The level of these islands above the sea is a balance between the growth of coral and erosion. When sea level falls by hundreds of feet over hundreds and thousands of years, these islands are not sticking way up in the air. Erosion batters them down and they fall with the sea. As the icecaps melt, which happens very rapidly, the growth of coral is fast enough to add enough material to keep the island above sea level.
    Islands with active volcanoes undergo different processes as the ocean rises and falls, but in every case, even with the climate changing rapidly, and sea level plunging down or surging up, there keeps being beaches with reefs offshore a few feet to a few tens of feet deep.
    Like with every other aspect of the science they proclaim themselves to be experts in and have completely settled, these nitwits seem to have not even a modestly informative undergraduate education in their respective fields.

    • Tom Bakert says:

      Excellent post.

    • Mark Fife says:

      Interesting. So you are saying islands are no more static than continents are. Sounds pretty obvious when you think about it. There is a typically geological reason an island exists in the first place. Corals, and other life forms no doubt, build upon what is there. And of course currents and tides tend to remove material here and deposit material there. I don’t know this, but I assume corals could act like grasses do above water to bind dunes in place and make them relatively permanent.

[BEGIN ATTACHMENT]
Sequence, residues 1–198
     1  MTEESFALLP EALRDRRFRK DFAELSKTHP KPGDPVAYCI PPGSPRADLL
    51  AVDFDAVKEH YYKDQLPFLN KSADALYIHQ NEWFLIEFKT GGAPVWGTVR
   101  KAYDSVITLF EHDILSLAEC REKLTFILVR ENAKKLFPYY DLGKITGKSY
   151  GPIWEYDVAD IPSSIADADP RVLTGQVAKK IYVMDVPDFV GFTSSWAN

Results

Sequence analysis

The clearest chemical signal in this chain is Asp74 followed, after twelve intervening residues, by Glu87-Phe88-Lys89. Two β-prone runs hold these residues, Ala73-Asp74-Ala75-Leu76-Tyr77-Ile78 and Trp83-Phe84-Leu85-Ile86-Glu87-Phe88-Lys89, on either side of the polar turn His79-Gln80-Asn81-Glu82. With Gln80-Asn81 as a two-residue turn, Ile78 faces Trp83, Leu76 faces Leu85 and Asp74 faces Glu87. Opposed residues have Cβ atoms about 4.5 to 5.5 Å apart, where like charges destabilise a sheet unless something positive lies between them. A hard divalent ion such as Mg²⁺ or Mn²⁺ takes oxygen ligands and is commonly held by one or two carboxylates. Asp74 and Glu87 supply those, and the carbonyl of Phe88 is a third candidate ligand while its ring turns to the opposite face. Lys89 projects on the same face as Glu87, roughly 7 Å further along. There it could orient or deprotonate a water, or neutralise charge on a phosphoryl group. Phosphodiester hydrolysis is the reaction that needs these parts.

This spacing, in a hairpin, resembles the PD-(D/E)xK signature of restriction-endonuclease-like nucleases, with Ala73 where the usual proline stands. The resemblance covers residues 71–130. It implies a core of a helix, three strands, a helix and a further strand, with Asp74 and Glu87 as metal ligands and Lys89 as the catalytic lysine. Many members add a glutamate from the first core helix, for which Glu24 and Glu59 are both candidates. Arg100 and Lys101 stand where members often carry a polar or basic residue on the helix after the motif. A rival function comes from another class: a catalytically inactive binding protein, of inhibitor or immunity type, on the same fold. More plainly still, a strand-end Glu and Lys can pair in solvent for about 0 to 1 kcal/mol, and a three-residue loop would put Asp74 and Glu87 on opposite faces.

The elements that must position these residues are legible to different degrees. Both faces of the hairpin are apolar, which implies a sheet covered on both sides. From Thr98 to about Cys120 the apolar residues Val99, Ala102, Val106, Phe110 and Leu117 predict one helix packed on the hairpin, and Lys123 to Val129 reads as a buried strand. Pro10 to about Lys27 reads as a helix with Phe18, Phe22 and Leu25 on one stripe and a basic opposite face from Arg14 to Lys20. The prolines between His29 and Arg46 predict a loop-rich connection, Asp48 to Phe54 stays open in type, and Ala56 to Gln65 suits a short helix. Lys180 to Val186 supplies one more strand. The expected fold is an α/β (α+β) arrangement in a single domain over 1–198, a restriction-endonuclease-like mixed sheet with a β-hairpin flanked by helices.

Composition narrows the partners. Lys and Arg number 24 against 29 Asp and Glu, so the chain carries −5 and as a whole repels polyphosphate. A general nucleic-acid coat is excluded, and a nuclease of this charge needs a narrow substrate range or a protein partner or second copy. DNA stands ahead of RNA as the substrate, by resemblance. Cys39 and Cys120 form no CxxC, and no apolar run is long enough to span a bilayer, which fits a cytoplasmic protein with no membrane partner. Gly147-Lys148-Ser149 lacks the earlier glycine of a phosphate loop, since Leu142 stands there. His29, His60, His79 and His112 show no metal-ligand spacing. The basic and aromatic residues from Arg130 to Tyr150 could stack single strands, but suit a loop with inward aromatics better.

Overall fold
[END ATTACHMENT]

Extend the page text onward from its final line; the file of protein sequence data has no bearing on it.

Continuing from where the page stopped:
Even the floors of the oceans are not static. And over the top of them is an unfathomable (pun intended) volume of water pressing down with tremendous pressure. Would deeper oceans result in more land uplift in some instances and more land sink in others? Beats me. I am literally just wondering, since we know for every action there is an equal reaction.

      • Kris Johanson says:

        Yep, every 32 feet of water is 1 atmosphere pushing down.
        Even 100 ft deep water is pushing down with 6,000 lbs/sq. ft. (about 300,000 N/m2)!!

        • menicholas says:

          The pressure at depth should work out to the weight of the water above that point, so the pressure at 32 feet, measured in pounds per square inch, let’s say, is the weight of a square column of water 32 feet high and one inch wide. Water is very close to eight gallons per cubic foot, and eight pounds per gallon.
          So that is 32 one foot columns, and you need 144 of them to make one cubic foot. So 32/144 x 64 = psi at 32 feet.
          About a little over 14.2 psi. Above whatever the barometric pressure is at the surface (which is itself the weight of a column of air extending up to the edge of outer space)
          One psi is about the weight of 2.04 inches of mercury